Preferably, the liquid crystal material and the polymer matrix material are provided in approximately equal parts by weight, although the parts by weight of the liquid crystal material can vary from 10-90% by weight, even more preferably from 25-75% by weight. The optimum liquid crystal content is within 5% by weight of the concentration in which a further 5% by weight increase in liquid crystal content would yield a film in which the color of transmitted white light would change from slightly red to white.

Referring again to FIG. 1, although the optically responsive film 12 may be provided in free-standing form, in many applications it will be desirable to provide a sandwichlike construction in which the film 12 is interposed between a pair of first and second substrates 18 and 20, respectively. The thickness of the film preferably ranges from about 5 to 25 microns, more preferably in the range of about 10 to 25 microns, and most preferably in the range of about 15 to 21 microns. It will be understood that the device 10 may be provided with only a single substrate if, for example, the device is to be applied to a motor vehicle sunroof or an architectural window in which case the sunroof or the window have a function analogous to that of the second substrate.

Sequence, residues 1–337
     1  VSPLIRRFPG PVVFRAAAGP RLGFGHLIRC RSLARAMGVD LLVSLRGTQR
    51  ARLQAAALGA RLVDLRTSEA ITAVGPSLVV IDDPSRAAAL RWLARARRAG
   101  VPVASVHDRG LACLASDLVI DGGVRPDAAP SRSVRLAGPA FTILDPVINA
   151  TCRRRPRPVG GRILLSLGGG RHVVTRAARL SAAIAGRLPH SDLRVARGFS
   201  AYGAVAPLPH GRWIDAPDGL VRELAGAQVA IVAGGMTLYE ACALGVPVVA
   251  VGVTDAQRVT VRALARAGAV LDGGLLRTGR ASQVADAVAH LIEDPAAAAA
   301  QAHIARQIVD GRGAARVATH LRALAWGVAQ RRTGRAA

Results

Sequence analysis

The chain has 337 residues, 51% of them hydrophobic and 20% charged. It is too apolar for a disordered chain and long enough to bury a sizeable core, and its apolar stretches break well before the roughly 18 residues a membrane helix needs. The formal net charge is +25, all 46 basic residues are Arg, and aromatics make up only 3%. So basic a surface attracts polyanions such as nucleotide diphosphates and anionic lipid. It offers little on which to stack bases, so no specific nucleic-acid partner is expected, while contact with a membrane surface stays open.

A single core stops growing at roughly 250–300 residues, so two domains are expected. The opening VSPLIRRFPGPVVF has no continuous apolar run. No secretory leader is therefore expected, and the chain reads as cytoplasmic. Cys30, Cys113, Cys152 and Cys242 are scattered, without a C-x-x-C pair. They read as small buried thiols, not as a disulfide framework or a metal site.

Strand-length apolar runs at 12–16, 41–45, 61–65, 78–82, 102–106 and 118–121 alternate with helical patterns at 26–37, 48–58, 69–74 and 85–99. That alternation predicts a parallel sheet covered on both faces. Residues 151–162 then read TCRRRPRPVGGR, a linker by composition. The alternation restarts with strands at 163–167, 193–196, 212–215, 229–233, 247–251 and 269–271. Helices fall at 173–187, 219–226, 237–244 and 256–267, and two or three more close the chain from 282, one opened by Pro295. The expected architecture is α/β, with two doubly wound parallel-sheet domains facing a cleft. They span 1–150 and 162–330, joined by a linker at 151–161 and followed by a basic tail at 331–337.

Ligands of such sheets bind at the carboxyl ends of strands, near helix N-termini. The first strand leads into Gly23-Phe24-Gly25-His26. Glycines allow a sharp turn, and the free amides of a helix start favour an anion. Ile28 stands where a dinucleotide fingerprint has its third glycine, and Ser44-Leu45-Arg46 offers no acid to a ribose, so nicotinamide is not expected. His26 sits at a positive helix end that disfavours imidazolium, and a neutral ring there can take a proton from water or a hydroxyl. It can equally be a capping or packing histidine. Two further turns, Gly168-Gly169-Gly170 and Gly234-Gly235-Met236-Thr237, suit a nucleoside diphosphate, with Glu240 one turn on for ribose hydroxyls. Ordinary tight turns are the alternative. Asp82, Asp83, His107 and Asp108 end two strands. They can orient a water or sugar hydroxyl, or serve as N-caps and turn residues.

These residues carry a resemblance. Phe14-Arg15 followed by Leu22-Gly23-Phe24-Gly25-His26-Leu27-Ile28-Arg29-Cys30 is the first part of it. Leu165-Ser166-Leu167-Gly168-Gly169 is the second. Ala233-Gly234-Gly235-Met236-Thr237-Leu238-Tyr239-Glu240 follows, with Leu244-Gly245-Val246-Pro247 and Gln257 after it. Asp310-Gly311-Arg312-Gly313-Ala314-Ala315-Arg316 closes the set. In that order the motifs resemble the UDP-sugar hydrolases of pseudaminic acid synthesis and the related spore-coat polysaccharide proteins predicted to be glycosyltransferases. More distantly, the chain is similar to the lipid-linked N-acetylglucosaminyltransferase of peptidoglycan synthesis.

At least one of the substrates 18 and 20 is at least partially transparent to allow incident visible light to pass therethrough. One of the substrates (preferably the one which light first impinges) may be modified to have selective light transmission characteristics, for example, to selectively transmit light of a wavelength corresponding to a certain color of the visible spectrum, ultraviolet light, or infrared light. Materials suitable for the substrates 18 and 20 include glass (which may be tempered) and plastics such as polyethylene terephthalate, polyethylene naphthalate, or other polyester or copolyester materials, polyethersulfone, polyimide, poly(methyl methacrylate), and polycarbonate. The substrates may be treated so as to enhance their abrasion and scratch resistance. The substrates are typically about 25 to 50 microns thick for flexible, durable constructions, although they may range in thickness from 1 microns to greater than 250 microns. If glass is employed for at least one of the substrates, the thickness may be in excess of 250 microns.